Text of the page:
What’s the best way to put a price on a day of theme park fun? Very thoughtfully, and preferably using data, algorithms, and flexibility, experts say.
After decades of setting one admission price and sticking with it year-round, the world’s largest theme park operators are starting to inch closer to the models used by the bulk of the travel industry.
“For as long as I can remember, theme parks have always been a place where they would paint the price of a ticket on a piece of wood and nail to to a post at the front of the park,” said Martin Lewison, an assistant professor of business management at Farmingdale State College who studies theme parks. “Once a year or so they would raise the price. They would then discount off that price.”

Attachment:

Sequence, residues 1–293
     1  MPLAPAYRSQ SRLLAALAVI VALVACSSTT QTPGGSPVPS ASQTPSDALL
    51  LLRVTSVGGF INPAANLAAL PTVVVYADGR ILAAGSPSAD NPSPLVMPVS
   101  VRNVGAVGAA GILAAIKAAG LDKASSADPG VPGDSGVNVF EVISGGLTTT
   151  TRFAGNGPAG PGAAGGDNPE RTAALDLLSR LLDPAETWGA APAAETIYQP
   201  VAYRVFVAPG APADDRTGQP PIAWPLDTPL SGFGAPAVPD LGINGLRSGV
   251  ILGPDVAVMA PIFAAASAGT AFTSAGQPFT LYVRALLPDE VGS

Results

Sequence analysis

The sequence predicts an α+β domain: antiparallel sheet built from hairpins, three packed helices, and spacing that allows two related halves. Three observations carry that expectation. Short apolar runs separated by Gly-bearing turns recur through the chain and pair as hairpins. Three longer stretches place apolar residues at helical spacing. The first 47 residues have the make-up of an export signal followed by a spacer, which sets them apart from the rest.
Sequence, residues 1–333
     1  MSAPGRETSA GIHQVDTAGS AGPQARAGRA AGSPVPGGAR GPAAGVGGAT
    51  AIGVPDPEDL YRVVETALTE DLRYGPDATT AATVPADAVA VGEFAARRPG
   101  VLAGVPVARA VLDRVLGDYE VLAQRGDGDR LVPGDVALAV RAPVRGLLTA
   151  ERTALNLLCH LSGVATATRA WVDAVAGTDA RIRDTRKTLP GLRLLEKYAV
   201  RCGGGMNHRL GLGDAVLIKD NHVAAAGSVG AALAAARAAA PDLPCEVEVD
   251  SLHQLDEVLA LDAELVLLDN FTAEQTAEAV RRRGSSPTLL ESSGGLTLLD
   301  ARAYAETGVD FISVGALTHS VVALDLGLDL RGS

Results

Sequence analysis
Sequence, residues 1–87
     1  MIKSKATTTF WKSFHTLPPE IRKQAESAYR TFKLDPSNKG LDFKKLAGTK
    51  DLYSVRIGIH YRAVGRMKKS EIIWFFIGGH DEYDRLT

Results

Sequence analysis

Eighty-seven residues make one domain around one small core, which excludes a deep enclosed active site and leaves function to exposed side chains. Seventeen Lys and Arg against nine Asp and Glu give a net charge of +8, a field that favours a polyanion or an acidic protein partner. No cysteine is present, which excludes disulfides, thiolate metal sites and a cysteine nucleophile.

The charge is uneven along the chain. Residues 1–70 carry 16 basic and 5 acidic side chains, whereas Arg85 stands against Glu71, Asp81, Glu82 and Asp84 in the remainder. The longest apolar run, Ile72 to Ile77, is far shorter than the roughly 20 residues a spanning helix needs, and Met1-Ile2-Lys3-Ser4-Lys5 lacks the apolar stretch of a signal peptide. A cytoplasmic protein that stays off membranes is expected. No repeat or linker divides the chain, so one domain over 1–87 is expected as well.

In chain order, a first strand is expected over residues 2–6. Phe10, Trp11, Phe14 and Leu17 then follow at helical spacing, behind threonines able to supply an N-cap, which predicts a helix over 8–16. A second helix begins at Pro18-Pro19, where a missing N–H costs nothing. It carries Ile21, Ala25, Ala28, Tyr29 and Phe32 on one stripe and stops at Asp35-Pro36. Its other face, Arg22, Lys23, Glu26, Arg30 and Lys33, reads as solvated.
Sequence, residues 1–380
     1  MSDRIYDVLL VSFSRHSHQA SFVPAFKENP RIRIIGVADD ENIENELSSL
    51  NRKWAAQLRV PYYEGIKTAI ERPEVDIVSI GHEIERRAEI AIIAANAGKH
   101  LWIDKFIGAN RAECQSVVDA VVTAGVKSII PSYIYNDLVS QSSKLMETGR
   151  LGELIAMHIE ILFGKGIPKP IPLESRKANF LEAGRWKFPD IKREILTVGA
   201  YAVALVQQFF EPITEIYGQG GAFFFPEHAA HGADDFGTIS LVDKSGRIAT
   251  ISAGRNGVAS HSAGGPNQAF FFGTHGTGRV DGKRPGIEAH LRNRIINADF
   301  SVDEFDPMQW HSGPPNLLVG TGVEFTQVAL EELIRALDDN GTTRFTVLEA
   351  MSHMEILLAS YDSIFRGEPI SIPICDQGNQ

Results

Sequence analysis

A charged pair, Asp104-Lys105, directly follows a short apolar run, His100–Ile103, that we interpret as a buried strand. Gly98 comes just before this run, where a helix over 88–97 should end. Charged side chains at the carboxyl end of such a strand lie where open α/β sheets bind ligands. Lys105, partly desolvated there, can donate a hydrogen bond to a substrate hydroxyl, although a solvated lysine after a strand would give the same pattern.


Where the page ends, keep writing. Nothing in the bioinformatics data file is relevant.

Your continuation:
Although observers and media have questioned for several years whether park operators would adopt demand-based pricing strategies similar to those used by airlines or hotels, only in recent months have the biggest players made moves in that direction.